“Just saying.” That’s another overused expression, I could do without. It’s an unnecessary, pseudo-defensive, conversation filler.
Planning for our upcoming trip to Australia is well underway. I’m like a kid in a candy store, where choosing itineraries are concerned. There are limitations, and I don’t wish to blow the budget.
I want to see the coastline, the mountains, local favorite hangouts, absorb some area history, view flora and fauna. Most important, is to see our daughter, in her new place of residence.
Since the beginning of time, humankind has wondered what was beyond the next hill.
That’s why our genetic makeup is so varied. That’s why some are surprised when they use popular sites, such as Ancestry.com and 23 and Me. You could have more German heritage, than your German citizen friend.
My step-daughters allegedly had a Native American great-grandmother on their biological father’s side of the family. His genetic report showed no such DNA evidence. This was a topic of conversation over the Holidays.
My wife, previously a skeptic, had her DNA checked and found a small percentage of Native American ancestry. My two grandsons have known Hispanic heritage. One of them had a much larger percentage, than the other.
What will my DNA reveal? Will it be different from that of my sister? Will the information conflict with what I was told growing up? My curiosity has been aroused.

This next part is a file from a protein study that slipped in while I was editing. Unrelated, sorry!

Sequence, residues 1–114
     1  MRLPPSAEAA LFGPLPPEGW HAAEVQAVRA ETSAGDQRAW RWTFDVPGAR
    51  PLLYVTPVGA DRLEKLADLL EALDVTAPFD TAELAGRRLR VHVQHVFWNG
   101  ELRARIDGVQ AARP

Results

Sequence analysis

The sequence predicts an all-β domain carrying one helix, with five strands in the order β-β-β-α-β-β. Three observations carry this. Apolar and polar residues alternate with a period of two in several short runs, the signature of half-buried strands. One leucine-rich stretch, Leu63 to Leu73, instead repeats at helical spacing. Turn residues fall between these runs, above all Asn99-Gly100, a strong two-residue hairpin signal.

An obligatory greeting, we’ve said thousands of times. When someone truthfully answers, it’s an awkward moment. Because, “nobody’s got time for that.”
There’s not much we really know about those outside our close circle of friends. Relatives pass away and are eulogized with a few pretty words. Did their cries for help go unanswered? Perceived as eternal blackness, for which there was no way out? Some refuse help, even when it’s available.
My brother-in-law passed away suddenly yesterday. He was a quiet, sensitive man. No one will ever know what went through his mind in the months before his death. Two years previous, he survived another near-fatal health crises.
He bounced back, seemed to be on the mend. This summer and fall, signs were there–his personal demons were back. Emotions are still raw, but there is peace, because my friend’s soul is free.